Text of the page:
She was one of the first reporters to cover Occupy and the Fight for $15, has appeared on numerous radio and television programs to discuss topics ranging from electoral politics to Superstorm Sandy, from punk rock to public-sector unions.
She has a master’s degree in journalism from Temple University in Philadelphia and a bachelor’s degree in English from Loyola University New Orleans. Sarah was born and raised in Massachusetts and has also lived in South Carolina, Louisiana, Colorado, New York and Pennsylvania.
Ibram X. Kendi is a #1 New York Times-bestselling author, the Andrew W. Mellon Professor in the Humanities at Boston University, and the founding director of the BU Center for Antiracist Research. He is an Ideas Columnist at the Atlantic and a correspondent with CBS News. He is the author of five books, including Stamped from the Beginning: The Definitive History of Racist Ideas in America, which won the National Book Award for Nonfiction; the New York Times bestsellers How to Be an Antiracist and Stamped: Racism, Antiracism, and You, coauthored with Jason Reynolds; and Antiracist Baby.
Featured AuthorDr. Nomi Prins is an international economist, investigative journalist, geopolitical financial expert, and outspoken advocate for economic reform. She has published seven books, with her most recent bestseller being Collusion: How Central Bankers Rigged the World.
She is a regular TV commentator and has appeared on the BBC, CNN, Bloomberg, CNBC, MSNBC, CSPAN, Fox Business, and PBS. She has appeared in numerous documentaries featured in the US, Korea, the Netherlands, Germany, France, and more. Her writing has been featured in the New York Times, Forbes, Fortune, the Guardian, the Nation, and other major publications.
Her insights on financial and economic issues are sought by governments, policymakers, and investors worldwide. She’s delivered keynote speeches to a variety of outlets including the Federal Reserve, IMF, World Bank, UK Parliament, Mexican Senate, US Senate, Tokyo Stock Exchange, Google, Colombia University, and the London School of Economics.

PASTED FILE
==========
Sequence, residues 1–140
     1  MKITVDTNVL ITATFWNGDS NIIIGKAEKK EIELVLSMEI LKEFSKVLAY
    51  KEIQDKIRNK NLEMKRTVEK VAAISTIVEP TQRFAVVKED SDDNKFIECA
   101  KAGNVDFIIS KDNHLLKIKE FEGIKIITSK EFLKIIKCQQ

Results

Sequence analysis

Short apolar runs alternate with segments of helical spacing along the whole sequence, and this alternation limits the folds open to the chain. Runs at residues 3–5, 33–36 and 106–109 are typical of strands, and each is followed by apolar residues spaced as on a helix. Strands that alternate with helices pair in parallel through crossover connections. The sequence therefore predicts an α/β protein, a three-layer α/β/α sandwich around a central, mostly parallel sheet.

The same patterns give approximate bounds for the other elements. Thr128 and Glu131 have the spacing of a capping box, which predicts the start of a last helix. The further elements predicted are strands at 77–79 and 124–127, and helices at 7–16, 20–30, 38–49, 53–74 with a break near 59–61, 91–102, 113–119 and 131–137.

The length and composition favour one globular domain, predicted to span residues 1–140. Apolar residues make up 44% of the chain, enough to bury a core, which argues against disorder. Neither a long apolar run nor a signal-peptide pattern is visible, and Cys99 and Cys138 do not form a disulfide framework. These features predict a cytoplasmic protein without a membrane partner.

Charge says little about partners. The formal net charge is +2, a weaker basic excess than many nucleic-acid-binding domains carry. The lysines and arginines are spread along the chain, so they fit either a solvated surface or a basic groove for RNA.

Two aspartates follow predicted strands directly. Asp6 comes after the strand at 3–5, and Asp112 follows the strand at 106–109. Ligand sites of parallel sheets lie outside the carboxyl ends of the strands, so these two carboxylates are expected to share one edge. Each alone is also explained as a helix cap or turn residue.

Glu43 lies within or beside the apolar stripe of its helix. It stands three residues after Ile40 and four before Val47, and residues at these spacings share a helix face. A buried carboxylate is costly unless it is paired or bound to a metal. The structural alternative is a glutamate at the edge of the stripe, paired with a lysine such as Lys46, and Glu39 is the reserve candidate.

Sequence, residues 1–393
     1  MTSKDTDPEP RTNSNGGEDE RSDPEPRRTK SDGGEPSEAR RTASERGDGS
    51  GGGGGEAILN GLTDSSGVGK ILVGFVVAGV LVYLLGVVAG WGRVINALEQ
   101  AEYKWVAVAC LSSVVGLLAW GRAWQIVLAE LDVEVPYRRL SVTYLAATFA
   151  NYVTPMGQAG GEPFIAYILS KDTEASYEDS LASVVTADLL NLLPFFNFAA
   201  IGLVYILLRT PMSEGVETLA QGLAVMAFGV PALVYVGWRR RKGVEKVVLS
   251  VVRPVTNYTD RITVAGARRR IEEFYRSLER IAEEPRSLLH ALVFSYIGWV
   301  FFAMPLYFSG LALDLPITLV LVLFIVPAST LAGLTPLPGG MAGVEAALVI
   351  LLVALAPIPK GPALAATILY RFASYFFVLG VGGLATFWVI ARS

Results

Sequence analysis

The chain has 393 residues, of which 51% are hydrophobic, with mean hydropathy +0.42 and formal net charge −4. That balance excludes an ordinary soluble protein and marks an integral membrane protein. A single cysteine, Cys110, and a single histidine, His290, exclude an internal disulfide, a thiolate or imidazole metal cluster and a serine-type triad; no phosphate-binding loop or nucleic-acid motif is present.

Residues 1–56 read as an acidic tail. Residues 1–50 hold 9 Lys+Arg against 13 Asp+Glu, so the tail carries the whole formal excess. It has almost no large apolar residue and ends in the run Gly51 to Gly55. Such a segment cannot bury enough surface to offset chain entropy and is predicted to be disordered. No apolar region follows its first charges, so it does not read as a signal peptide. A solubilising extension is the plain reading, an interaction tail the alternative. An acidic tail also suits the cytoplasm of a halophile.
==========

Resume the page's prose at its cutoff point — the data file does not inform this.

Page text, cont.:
She was a global Wall Street executive for a decade-and-a-half. Nomi was once a managing director at Goldman Sachs. She ran the international analytics group as a senior managing director at Bear Stearns in London and worked as a senior strategist at Lehman Brothers and Chase Manhattan Bank.
You can learn more about Nomi here: nomiprins.com
Jeremy Scahill is one of the three founding editors of The Intercept. He is an investigative reporter, war correspondent, and author of the international bestselling books Dirty Wars: The World Is a Battlefield and Blackwater: The Rise of the World’s Most Powerful Mercenary Army. He has reported from Afghanistan, Iraq, Somalia, Yemen, Nigeria, the former Yugoslavia, and elsewhere across the globe. Scahill has served as the national security correspondent for The Nation and Democracy Now!.
Scahill’s work has sparked several congressional investigations and won some of journalism’s highest honors. He was twice awarded the prestigious George Polk Award, in 1998 for foreign reporting and in 2008 for Blackwater. Scahill is a producer and writer of the award-winning film Dirty Wars, which premiered at the 2013 Sundance Film Festival and was nominated for an Academy Award.